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Does Reproductive Capability Matter?
Its association with lifespan and cause of death

In a new study called Reproductive Capability is Associated with Lifespan and Cause of Death in Companion Dogs, researchers report on the links of reproductive status (intact or spayed/neutered) with both lifespan and cause of death. Previous studies have suggested that sterilization increases the risk of certain cancers. However, if spaying and neutering actually does increase life span, then any cancers that are more common in older dogs may only appear to be more common in sterilized dogs because sterilized dogs live longer.

The overall conclusions of this new study are that there is a link between lifespan, cause of death and reproductive status. Sterilization was associated with longer lifespan. The mean age of death for intact dogs was 7.9 years and for sterilized dogs was 9.4 years. Sterilization increased life expectancy 13.8% in male and 26.3% in females.

In this study, researchers found differences in the cause of death between the reproductively capable group and the sterilized group. Compared to reproductively capable ones, dogs who were spayed and neutered were more likely to die of cancer and immune-related diseases, but less likely to die from infectious diseases, trauma, vascular disease and degenerative diseases. These differences in causes of death were consistent when the data were compared between dogs of the same age.

Data are from 40,139 dogs in a veterinary teaching hospital who died from 1984 to 2004. Juvenile dogs, dogs with a congenital issue that caused death, and dogs whose reproductive status, cause of death, or age were unknown were eliminated from the over 80,000 dogs originally considered for inclusion in the study. Reproductive capability was defined in this study as intact versus spayed or neutered, and does not mean the sterilized dogs had not reproduced. It’s unknown if they had reproduced prior to being sterilized. There were no data on how many times intact dogs had reproduced, only that they were still reproductively capable.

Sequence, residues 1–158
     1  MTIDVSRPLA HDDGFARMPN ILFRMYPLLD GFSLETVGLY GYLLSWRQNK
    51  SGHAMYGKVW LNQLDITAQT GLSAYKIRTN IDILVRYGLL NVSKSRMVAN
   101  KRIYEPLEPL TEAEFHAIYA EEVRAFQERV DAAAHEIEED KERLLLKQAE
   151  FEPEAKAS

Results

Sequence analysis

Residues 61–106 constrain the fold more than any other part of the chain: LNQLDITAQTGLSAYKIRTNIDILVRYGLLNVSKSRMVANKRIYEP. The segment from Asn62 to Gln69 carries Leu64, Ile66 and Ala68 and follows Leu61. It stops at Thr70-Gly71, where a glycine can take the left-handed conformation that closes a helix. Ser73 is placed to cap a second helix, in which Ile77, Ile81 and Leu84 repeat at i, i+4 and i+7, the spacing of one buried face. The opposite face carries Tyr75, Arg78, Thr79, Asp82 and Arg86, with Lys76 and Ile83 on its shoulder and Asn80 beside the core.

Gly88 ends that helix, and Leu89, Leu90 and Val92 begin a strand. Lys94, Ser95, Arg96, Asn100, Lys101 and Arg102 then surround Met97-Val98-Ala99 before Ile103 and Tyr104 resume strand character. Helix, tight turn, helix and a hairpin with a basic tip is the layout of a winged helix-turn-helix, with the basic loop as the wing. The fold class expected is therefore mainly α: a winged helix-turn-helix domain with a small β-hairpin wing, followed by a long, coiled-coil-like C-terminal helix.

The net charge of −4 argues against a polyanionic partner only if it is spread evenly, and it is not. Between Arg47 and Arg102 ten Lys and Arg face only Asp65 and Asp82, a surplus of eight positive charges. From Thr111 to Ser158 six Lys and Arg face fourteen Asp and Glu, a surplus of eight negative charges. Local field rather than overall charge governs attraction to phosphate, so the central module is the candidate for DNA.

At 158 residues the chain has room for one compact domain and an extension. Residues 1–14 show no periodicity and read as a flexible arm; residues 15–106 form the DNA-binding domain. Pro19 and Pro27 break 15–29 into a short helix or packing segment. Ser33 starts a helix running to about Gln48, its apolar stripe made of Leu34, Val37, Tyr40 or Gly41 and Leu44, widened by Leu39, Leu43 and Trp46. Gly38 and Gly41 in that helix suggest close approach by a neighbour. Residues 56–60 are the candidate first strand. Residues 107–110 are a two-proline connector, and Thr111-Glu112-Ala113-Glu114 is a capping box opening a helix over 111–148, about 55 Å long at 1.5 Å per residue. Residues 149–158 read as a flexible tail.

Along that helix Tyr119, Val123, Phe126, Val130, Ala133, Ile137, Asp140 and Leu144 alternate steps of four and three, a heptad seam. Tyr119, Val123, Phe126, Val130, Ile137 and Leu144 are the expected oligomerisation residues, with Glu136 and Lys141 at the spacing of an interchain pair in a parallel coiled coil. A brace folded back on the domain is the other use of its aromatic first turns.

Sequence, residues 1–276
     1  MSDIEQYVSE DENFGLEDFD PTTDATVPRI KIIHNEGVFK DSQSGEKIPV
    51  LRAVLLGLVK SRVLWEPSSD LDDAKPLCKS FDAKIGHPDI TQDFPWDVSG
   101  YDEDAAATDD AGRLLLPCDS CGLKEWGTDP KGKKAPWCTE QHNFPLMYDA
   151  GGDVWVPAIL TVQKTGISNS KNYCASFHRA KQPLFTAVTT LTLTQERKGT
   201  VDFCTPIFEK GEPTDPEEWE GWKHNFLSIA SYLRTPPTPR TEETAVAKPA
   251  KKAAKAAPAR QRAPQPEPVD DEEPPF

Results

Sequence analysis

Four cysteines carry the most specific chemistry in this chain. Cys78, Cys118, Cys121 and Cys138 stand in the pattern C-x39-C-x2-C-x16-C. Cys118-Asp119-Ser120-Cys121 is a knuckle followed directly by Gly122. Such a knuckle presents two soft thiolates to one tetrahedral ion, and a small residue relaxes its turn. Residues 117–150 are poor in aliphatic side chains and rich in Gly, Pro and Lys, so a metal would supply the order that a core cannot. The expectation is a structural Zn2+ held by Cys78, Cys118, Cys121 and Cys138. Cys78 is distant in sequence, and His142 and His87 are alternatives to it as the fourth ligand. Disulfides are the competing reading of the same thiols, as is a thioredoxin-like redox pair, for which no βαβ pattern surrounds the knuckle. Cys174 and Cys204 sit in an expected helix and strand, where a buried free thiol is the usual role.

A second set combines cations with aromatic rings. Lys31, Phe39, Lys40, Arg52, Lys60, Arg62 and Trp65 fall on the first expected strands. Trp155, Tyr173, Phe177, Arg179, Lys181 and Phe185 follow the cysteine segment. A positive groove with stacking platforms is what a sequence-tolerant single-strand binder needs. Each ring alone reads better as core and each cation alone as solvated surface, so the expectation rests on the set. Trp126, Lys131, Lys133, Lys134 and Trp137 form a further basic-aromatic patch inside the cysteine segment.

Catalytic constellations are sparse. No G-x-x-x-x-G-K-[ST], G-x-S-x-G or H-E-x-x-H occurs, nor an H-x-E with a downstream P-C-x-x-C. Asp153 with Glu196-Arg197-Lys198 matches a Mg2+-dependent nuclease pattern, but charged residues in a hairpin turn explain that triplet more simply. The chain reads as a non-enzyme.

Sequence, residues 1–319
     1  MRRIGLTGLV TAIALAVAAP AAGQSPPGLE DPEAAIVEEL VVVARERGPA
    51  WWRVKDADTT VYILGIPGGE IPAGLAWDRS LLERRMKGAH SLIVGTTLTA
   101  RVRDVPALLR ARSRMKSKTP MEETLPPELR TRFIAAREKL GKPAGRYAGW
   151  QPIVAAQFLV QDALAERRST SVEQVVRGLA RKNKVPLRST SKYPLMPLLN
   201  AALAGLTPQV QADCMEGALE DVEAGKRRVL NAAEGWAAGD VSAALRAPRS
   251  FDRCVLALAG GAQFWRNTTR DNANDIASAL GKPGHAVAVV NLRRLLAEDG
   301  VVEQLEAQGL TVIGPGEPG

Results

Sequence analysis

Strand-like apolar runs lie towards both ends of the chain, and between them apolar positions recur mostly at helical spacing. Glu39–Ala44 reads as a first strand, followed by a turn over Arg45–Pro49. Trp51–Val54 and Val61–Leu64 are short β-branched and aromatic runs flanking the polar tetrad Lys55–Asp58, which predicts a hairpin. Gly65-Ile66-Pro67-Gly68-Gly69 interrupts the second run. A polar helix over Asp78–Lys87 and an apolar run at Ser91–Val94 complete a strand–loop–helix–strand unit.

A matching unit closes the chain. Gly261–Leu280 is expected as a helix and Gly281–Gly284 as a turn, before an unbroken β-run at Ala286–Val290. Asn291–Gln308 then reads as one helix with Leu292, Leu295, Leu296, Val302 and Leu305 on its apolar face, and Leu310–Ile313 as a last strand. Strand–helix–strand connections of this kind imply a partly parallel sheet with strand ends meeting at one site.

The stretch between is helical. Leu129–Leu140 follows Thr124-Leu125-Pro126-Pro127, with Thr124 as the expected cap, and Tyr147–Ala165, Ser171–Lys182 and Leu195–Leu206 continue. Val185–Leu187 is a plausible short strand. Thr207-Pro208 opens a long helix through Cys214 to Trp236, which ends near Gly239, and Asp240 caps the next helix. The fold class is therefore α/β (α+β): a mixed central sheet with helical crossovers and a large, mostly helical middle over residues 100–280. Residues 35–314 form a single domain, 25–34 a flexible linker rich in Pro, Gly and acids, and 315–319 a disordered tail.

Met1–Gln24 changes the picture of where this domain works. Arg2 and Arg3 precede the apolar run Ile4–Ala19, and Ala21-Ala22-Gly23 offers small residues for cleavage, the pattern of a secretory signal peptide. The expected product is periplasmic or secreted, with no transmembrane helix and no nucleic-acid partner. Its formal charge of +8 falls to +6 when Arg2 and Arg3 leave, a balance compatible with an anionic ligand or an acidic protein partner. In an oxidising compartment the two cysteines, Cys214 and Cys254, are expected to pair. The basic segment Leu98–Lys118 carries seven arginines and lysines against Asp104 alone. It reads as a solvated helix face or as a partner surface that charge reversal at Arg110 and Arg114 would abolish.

Though the results of this study are intriguing, it is important to recognize the limitations in the data and therefore in the conclusions. Though the groups—intact or sterile—are assumed to differ in no other way, that may not be the case. It is possible that the members in the sterilized group have received more regular or better medical care throughout their lives, for example. The sterilized dogs may come from different sources such as rescue groups or shelters rather than from pet stores or breeders. In other words, differences in life span or cause of death may not relate to reproductive status, but to one of these other factors. This study shows links of reproductive status with lifespan and cause of death, but we cannot assume that reproductive status is the cause of these differences. They may be correlated for some unknown reason.

Some other concerns I have about the data are that the dogs had all been referred to a veterinary teaching hospital for medical reasons, which means that the dogs in the study may be largely dogs with serious health issues rather than typical dogs. This means that conclusions based on this study may not be applicable to dogs in general.

I’m glad that studies are expanding on the question of lifespan and reproduction by looking at causes of death instead of just reproductive capability. I think this study is a great start at exploring questions that are of interest to all of us who love dogs, but I do think we need to exercise caution in order to make sure that we are distinguishing between studies that show correlations between various factors and those that demonstrate a causal relationship between those factors.

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Karen B. London, PhD, is a Bark columnist and a Certified Applied Animal Behaviorist specializing in the evaluation and treatment of serious behavior problems in the domestic dog.

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Submitted by Frances | May 4 2013 |

Thanks - the study makes very interesting reading. I was particularly struck by the differences in the causes of death between the two groups - with the exception of mammary tumours, the increased risk in the intact group seems to be from things that we probably feel as owners we have some control over through management and preventive healthcare (trauma, infectious diseases), while in the neutered group the increased risk was from immune-mediated diseases and non-mammary cancers. I think for dog owners the most useful research would now be into the health effects of neutering at different ages - perhaps focussing on cancers and immune disorders!

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